Grove: Peter, Fed chair Janet Yellen seems pretty committed to raising rates this years. What implications does this have for Australian investors?
Warnes: Nick, September looks like D-Day if you like and we could look for a modest increase in the Fed funds rates from where it's sitting now 0 to 0.25 to 0.25 to 0.5 and it looks like that the rate will finish there roughly around that number by the end of the year. And look, it's been so well-telegraphed to the market that the market should not be concerned.
More importantly, she has emphasized that subsequent increases and the trajectory of increases after the initial increase will be gradual and she has reiterated that time and time again -- only a couple of days ago in the semi-annual Congressional testimony. So look, the market should be well and truly locked into that. Will it affect the Australian investor and what will it do here?
Well, as interest rates drift up over there and we're drifting nowhere but flat to down -- and you just saw Canadian rates just cut and New Zealand's rates cut -- I suspect we might have a cut here. Then that means the currency movements could start testing again and therefore the Australian dollar weaker against the US. That's not to say it will be weaker against the euro or the yen. But I suspect certainly against the US dollar it will drift back towards $0.70 mark over the next six to eight months. Now that affects the Australian investor. He should be looking now to have a bit more of his portfolio US-dollar-facing. You could have income here and look for growth offshore and US-dollar-facing growth is a way to play it.
Grove: Just finally Peter, what sectors and companies should investors have a decent weighting towards as we head into fiscal 2016?
Warnes: Nick, again taking up on the theme of widening gap in the currency. Certainly we've got to look at those companies that are our global companies that have a lot of US dollar revenue and earnings. And therefore the healthcare space is a place to have some focus -- the CSLs, ResMed, Ansell -- those three stocks we like at this point in time. They have come back in their green zones and so we encourage you to look at them. The Ramsays and the Sonics are still expensive and just look for spikes down, and if they come into the green zone, take advantage of them. But the healthcare space, obviously we're comfortable with it. The demographics are positive for it.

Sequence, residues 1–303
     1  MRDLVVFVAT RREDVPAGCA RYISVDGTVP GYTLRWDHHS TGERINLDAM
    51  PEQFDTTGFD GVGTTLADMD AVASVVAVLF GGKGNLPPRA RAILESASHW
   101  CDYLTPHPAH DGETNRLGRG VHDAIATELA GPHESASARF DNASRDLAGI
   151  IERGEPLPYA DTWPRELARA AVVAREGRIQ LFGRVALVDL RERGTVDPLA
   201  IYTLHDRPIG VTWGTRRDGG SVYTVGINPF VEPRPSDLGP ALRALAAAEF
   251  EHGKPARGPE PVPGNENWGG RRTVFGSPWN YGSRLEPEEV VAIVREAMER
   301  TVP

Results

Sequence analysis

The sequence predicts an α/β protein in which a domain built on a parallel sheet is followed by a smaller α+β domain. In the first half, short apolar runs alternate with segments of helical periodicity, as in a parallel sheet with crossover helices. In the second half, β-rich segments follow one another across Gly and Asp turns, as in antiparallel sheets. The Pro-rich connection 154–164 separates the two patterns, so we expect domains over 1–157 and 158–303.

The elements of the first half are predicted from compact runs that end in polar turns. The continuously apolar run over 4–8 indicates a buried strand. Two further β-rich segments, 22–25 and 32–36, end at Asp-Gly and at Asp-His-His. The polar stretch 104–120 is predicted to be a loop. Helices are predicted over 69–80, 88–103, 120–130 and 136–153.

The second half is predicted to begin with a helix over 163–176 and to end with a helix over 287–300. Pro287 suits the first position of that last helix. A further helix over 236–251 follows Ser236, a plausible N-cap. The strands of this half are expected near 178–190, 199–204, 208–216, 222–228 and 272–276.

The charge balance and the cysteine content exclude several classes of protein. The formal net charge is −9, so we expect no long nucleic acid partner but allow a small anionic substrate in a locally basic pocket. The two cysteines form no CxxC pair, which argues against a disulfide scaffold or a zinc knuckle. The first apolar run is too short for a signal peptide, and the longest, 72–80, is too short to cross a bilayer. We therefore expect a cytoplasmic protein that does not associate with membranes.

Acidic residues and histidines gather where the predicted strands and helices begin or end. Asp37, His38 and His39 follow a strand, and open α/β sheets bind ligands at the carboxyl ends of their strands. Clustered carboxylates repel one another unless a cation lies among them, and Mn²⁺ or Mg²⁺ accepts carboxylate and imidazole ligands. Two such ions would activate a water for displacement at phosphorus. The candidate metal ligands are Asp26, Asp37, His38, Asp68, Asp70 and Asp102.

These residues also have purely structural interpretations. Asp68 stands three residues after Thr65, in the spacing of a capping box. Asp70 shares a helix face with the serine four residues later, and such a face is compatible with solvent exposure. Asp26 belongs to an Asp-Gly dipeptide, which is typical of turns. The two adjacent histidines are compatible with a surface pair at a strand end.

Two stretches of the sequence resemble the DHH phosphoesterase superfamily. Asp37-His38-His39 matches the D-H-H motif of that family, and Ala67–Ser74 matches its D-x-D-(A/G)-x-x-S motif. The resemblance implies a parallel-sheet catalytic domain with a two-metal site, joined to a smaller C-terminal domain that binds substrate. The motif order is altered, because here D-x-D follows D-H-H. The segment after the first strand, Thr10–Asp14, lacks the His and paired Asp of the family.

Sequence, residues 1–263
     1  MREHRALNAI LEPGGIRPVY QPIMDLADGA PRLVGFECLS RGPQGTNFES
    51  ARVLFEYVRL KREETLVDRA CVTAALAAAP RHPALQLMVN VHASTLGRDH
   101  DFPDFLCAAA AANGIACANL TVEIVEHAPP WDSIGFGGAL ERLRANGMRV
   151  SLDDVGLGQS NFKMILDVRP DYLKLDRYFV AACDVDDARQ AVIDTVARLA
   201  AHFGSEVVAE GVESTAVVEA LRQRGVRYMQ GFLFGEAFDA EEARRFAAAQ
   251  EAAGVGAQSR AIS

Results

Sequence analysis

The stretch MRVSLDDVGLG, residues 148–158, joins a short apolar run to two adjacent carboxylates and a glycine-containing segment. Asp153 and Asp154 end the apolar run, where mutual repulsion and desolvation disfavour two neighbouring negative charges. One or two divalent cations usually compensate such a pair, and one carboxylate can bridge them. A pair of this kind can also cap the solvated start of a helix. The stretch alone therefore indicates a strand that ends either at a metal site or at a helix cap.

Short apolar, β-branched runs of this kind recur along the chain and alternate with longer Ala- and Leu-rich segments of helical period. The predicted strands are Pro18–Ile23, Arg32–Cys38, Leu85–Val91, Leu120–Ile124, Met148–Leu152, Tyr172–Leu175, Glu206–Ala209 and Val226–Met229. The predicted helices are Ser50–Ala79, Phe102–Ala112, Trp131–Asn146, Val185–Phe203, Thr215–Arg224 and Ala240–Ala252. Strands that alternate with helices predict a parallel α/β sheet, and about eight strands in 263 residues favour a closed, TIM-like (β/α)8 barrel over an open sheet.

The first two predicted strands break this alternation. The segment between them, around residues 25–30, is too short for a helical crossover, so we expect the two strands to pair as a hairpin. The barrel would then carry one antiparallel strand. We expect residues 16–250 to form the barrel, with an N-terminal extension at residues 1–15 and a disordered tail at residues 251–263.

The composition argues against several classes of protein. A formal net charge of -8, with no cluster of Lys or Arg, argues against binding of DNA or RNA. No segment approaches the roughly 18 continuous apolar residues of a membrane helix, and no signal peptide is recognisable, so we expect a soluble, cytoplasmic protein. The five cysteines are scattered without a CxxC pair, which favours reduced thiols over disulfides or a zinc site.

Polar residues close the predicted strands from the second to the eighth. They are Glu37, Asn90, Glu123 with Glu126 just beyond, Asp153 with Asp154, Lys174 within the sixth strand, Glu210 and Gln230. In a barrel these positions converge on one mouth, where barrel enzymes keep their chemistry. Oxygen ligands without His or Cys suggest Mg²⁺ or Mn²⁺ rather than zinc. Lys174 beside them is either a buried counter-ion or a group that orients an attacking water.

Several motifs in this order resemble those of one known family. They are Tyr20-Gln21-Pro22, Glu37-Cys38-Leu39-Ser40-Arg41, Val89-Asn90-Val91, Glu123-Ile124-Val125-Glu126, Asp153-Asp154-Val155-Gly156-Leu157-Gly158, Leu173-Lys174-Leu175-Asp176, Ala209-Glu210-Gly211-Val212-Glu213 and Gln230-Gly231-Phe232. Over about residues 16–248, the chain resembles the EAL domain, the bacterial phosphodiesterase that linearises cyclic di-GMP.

Look, we still like the financials and we like the banks. Credit growth is growing quite robustly at this point in time and we still see benign bad debts. Still, the cost outs are still happening. So, we're still comfortable there and those four major banks have come back into the green zone again and we're quite comfortable, but I wouldn't be going massively overweight -- might be market weight the banks, the yield is obviously very attractive.
In some of the other financials, we don't mind the Vedas and Computershare. We've just increased our fair value on QBE and some of the negative or headwinds it's been facing now for many, many years have now turned and are starting to tailwind it. So look for that stock to probably outperform. In terms of others, again, US-dollar-facing – Brambles, James Hardie is expensive but I do like the stock, I just love the way they do business. They still value long-term value in the resources space. But you have to be patient.
In the retailers, it's a different play in that do you buy the beaten down Woolworths. Well look, if you hold it, you hold it. If you're going to buy it, it's a new position, you're going to have to be very patient -- that's going to take a little while to turn that around. So, you don't necessarily have to be there. Wesfarmers, we still like that if it pops down below $40 on a spike down, a yield of over 5 per cent, 5.8 per cent for 2016. These are the stocks we still like. So again, US-dollar-facing, the banks here still for the income. A couple of REITs we do like are Westfield Corporation and Goodman.
Grove: Peter thanks very much for your time today and don't forget your umbrella.
Warnes: Thank you very much Nick.